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Clinical Investigations: COPD |

Major Components of the Direct Medical Costs of α1-Antitrypsin Deficiency*

C. Daniel Mullins; Junling Wang; James K. Stoller
Author and Funding Information

*From the University of Maryland School of Pharmacy (Dr. Mullins and Ms. Wang), Center on Drugs and Public Policy, Baltimore, MD; and the Department of Pulmonary and Critical Care Medicine (Dr. Stoller), The Cleveland Clinic Foundation, Cleveland, OH.

Correspondence to: C. Daniel Mullins, PhD, University of Maryland, Center on Drugs and Public Policy, Second Floor, 515 W Lombard St, Baltimore, MD 21201; e-mail: dmullins@rx.umaryland.edu



Chest. 2003;124(3):826-831. doi:10.1378/chest.124.3.826
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Published online

Study objectives: To examine the sources of the direct medical costs of α1-antitrypsin (AAT) deficiency based on survey data from affected individuals.

Background: Prior research has reported the total cost of AAT deficiency but has not examined the specific components of the direct medical costs of affected individuals.

Methods: In order to detail the sources of the direct medical costs, we sent surveys to 688 respondents of a previous survey. We estimated the costs in three ways, which differed in the method of managing missing values. With method 1, the group mean value of cost per unit of utilization, multiplied by the occurrences of utilization, was used to replace the missing value. Two sensitivity analyses (ie, methods 2 and 3) were conducted to test the robustness of our estimate. With method 2, values of zero were entered for all missing values. With method 3, the missing values were replaced by the group mean value. The Wilcoxon test was used to test the cost differences between patients of different phenotypes. All cost data were expressed in 1998 US dollars.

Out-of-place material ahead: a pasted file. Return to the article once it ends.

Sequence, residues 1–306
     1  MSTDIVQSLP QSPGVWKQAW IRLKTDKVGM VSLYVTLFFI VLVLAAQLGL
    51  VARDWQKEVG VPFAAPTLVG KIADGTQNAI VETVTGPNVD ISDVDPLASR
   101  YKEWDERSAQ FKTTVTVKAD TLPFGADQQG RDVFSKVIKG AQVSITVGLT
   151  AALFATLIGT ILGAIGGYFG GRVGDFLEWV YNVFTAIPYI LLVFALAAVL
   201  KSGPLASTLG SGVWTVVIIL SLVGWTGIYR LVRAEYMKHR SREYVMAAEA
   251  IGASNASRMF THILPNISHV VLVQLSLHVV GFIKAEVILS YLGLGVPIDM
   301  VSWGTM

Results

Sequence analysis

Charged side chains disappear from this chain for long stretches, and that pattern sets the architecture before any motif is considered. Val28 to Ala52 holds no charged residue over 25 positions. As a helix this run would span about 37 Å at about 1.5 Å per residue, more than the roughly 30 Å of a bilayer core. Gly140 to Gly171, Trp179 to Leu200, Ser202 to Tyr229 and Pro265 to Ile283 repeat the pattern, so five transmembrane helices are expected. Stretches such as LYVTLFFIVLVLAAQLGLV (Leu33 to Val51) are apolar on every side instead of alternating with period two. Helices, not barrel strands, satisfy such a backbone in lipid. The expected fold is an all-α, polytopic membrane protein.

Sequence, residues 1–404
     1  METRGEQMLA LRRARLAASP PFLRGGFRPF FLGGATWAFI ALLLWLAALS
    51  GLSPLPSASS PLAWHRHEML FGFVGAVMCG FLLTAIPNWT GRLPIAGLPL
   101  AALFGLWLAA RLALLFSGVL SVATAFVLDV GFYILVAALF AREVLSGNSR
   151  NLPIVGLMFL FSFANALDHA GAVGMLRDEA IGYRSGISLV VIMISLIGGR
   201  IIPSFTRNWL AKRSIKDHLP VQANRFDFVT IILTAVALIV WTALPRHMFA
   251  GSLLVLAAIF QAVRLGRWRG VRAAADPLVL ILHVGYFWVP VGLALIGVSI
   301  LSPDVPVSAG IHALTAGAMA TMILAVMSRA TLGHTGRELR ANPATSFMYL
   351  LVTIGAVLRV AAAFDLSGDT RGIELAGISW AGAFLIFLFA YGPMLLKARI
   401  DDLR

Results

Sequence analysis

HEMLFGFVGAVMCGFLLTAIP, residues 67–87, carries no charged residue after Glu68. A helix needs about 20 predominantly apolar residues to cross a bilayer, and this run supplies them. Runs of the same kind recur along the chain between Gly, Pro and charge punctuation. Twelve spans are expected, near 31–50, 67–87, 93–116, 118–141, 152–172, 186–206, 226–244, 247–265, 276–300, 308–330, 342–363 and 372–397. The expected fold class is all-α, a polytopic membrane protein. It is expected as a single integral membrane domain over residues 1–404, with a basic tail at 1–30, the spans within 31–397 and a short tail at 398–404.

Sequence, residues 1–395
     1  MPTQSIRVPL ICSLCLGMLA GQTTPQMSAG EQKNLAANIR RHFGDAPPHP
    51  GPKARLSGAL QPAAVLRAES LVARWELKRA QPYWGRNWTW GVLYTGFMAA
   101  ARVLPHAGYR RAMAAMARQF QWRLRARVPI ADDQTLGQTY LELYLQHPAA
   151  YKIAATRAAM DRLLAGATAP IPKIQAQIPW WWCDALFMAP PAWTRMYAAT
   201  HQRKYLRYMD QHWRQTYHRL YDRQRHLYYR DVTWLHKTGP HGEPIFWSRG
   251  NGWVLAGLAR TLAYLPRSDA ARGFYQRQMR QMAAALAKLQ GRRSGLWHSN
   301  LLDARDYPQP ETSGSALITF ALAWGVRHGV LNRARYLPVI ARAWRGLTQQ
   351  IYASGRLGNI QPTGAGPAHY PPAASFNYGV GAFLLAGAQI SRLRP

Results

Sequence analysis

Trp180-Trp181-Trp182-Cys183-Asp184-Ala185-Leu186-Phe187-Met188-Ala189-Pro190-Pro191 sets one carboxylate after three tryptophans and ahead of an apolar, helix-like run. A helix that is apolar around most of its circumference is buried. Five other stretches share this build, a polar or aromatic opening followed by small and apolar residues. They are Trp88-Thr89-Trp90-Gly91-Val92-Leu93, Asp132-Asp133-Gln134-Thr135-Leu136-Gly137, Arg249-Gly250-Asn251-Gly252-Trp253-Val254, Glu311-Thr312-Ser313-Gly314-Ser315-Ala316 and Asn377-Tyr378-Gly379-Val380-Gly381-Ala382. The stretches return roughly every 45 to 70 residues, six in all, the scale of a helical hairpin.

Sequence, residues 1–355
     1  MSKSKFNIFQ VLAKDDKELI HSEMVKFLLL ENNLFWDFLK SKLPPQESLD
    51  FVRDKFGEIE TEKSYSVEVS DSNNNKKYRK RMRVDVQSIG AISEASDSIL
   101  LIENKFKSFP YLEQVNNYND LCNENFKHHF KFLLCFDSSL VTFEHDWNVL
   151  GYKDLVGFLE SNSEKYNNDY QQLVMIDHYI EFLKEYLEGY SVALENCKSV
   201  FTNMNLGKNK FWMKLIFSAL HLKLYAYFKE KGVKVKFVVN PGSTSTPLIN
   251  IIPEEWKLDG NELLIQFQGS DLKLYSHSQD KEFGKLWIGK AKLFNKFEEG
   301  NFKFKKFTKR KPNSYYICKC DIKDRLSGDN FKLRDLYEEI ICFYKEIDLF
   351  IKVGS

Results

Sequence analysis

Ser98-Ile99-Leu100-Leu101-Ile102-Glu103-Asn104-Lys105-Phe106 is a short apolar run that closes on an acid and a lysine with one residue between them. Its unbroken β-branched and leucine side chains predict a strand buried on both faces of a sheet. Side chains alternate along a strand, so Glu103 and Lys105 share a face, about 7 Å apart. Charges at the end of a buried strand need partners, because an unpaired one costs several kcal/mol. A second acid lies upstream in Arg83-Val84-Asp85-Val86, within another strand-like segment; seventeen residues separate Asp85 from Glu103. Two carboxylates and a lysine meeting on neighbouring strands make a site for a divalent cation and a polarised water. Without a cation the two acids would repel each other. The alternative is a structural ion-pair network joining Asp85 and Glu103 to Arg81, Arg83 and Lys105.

Results and conclusions: Two hundred ninety-two individuals responded to the survey. The annual total health-care costs were high (mean range, $36,471 to $46,114; median range, $12,485 to $37,100 [according to the method for managing missing data]) for AAT deficiency. The total costs for individuals with the PI*ZZ phenotype exceeded those for individuals with a non-PI*ZZ phenotype. The use of IV augmentation therapy accounted for more than half of all direct medical costs for the respondents. Besides the costs for therapy with α1-proteinase inhibitor (Prolastin; Bayer; West Haven, CT), other major cost sources were prescription drugs other than α1-proteinase inhibitor, hospitalization, health insurance, and physician visits.


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